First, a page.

Food crisis: The blame game

Business Line, May 21, 2008

By Pradeep S Mehta and Siddhartha Mitra

The world food crisis, despite all efforts to shift the blame, has been born out of life-style imbalances in the US and like-minded nations, characterised by an excess of nutrition and locomotion, say PRADEEP S. MEHTA and SIDDHARTHA MITRA.

In a series of ignorant and insensitive comments, the US President, Mr George Bush, has blamed the current food scarcity problem and price spiral on the rapid development of India and China. Insensitive because these countries have not even reached 20 per cent of the level of affluence being enjoyed by the US and other developed countries and ignorant because the increased volume of food consumption by India and China is definitely not the primary cause of the price spiral.

Hidden behind the smugness of these comments, a guilt complex possibly lurks — of having engineered a disaster through opulent, wasteful and often gluttonous lifestyles which have taken consumption of food and fuel to unsustainable levels. It is in fact their effort to “sustain the unsustainable” which has led to the current food crisis. This is clear from the Table.

Some statistics

In 1979, according to the FAO Statistical Yearbook, per capita food consumption in the US stood at 3,180 calories — a level of consumption that maintains the body weight of a sedentary human weighing 96 kg. Even at such levels of excess, the US continued to make a fetish and virtue out of increasing levels of consumption.

As a result, around 2003, the average calorie intake had ballooned to 3,770 calories — an 18.5 per cent jump over the 1979 level — which is adequate to sustain a person weighing 114 kg. Though obvious, it deserves mention that such excesses are bad for the US as well. In 2002, 30.4 per cent of the adult population was considered obese by the American Heart Association.

Recent research suggests that obesity can also shorten the lifespan of both adults and children. Besides, obesity is expensive, with the WHO estimating medical expenses on obesity-related problems at 12 per cent of US’ total healthcare costs. The figures in the Table indicate that the average American consumes 1,629 calories more than what is needed to maintain ideal body weight when following a sedentary lifestyle. This implies that even physically active Americans are consuming way more than what they need. Thus, the way for Americans and other developed nations to come out of obesity is to consume less which, in turn, would facilitate better nourishment for the starving and the hungry in developing countries.

The Table also shows that even in many other developed countries, such as Germany, the UK and Australia, an excess of around 1,000 calories are consumed daily. China too has a reasonably large excess intake of over 900 calories, whereas Japan’s over-consumption is modest by developed country standards.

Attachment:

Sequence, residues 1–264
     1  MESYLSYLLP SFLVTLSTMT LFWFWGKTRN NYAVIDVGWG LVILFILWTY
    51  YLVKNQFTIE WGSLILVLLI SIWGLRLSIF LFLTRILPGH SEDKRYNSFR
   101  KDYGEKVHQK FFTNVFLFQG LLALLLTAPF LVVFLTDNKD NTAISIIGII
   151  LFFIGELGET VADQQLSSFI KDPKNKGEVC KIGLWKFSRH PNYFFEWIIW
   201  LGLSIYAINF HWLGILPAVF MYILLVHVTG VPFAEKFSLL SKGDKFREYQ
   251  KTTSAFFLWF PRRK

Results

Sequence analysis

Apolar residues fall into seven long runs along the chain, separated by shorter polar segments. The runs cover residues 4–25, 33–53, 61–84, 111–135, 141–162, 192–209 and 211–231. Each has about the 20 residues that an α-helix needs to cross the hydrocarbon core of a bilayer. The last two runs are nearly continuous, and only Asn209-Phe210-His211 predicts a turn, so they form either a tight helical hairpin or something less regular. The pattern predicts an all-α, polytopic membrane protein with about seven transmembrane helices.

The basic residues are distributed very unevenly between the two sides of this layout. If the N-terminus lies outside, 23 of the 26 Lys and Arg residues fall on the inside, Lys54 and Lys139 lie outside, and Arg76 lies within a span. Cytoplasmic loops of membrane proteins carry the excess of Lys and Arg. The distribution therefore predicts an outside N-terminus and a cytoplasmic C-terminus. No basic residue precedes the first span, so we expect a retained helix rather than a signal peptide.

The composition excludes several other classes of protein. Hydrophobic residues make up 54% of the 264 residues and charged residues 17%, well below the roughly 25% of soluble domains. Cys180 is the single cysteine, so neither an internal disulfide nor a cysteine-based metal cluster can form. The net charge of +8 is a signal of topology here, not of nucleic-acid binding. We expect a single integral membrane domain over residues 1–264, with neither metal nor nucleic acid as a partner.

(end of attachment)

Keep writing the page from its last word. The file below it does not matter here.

On the other hand, the per capita consumption of India at 2440 calories corresponds to an excess of 462 calories over sedentary consumption needed to maintain ideal body weight. In rural India, where life basically is still non-mechanised, the physical rigour of a bucolic life eats away such tiny surpluses.

The problem of obesity does exist in India but it has not yet reached epidemic proportions as seen in the US; there is still a 20 per cent incidence of under-nourishment.

To top it all, India’s relatively modest level of per capita calorific intake rose only 17.5 per cent in 1979-2002 — slower than that of the US. Therefore, if anything, purely from a consumption point of view Americans are more to blame for stoking inflationary fires in the food sector. Note that African countries bring up the rear as far as calorific consumption is concerned.

Under-nourished Africa

Countries such as Gambia and Ghana, for which data on average height and therefore ideal weight exist, show surpluses of 275 calories and 10 calories over sedentary consumption. With a lifestyle still based on physical movement, at least in the rural areas, even this average calorific intake might denote a state of under-nourishment.

Countries such as Ethiopia and Somalia, for which there are no estimates of average height and ideal body weight, are seemingly worse off with an average calorie consumption of around 1,800. It is this part of the world that scrimps and scrounges while the US and other developed countries splurge.

Declining US exports

The US is also guilty on another account — they have pulled the rug out from under a growing developing world’s feet through a decrease in food exports when the rapid rise of affluence in the latter actually warrants the opposite. Over the 1970s and 1980s wheat exports from the US to the rest of the world almost doubled. In the seventeen years that followed there has been a dip of 24 per cent in wheat exports, much of it being used to produce oil rather than food to maintain an unsustainable fuel guzzling lifestyle.

Such massive decreases in food exports make the US’ claim that bio-fuels explain less than 2/100th of the recent massive rise in food prices seem ridiculous. It is, therefore, interesting and relevant to note that the world food crisis, despite all efforts to shift the blame, has been born out of life style imbalances in the US and like-minded nations — an excess of nutrition and locomotion.

The authors are Secretary-General and Director (Research), CUTS International and can be reached at
and respectively.

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